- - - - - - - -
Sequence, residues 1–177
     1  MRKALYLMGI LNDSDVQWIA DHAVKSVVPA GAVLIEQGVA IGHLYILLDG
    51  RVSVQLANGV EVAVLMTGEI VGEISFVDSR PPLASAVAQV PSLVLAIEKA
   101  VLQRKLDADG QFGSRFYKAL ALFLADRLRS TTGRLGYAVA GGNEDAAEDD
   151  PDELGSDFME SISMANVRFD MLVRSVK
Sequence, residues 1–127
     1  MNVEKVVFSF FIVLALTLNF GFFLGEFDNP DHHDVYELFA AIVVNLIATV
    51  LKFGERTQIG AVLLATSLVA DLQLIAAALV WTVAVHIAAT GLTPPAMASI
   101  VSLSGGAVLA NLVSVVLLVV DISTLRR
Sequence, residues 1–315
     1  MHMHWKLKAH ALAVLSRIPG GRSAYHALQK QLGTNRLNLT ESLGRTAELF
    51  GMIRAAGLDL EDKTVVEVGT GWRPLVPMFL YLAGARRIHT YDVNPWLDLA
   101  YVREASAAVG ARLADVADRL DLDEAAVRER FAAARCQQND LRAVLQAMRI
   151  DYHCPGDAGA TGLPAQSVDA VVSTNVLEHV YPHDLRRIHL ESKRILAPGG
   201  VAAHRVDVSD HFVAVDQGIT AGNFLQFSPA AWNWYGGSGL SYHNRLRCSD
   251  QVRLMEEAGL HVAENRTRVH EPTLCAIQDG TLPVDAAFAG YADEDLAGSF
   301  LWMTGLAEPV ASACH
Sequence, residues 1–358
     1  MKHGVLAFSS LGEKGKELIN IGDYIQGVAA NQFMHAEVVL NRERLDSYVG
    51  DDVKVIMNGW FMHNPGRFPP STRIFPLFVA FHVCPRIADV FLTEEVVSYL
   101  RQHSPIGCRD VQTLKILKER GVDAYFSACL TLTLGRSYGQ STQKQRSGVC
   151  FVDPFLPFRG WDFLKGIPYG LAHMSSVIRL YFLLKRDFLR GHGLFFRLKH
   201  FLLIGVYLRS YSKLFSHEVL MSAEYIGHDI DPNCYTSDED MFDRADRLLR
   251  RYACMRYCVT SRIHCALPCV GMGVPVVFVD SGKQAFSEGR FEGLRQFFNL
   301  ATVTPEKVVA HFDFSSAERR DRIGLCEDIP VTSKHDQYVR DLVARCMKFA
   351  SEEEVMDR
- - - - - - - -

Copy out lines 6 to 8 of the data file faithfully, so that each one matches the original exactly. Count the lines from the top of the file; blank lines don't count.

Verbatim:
Sequence, residues 1–127
     1  MNVEKVVFSF FIVLALTLNF GFFLGEFDNP DHHDVYELFA AIVVNLIATV
    51  LKFGERTQIG AVLLATSLVA DLQLIAAALV WTVAVHIAAT GLTPPAMASI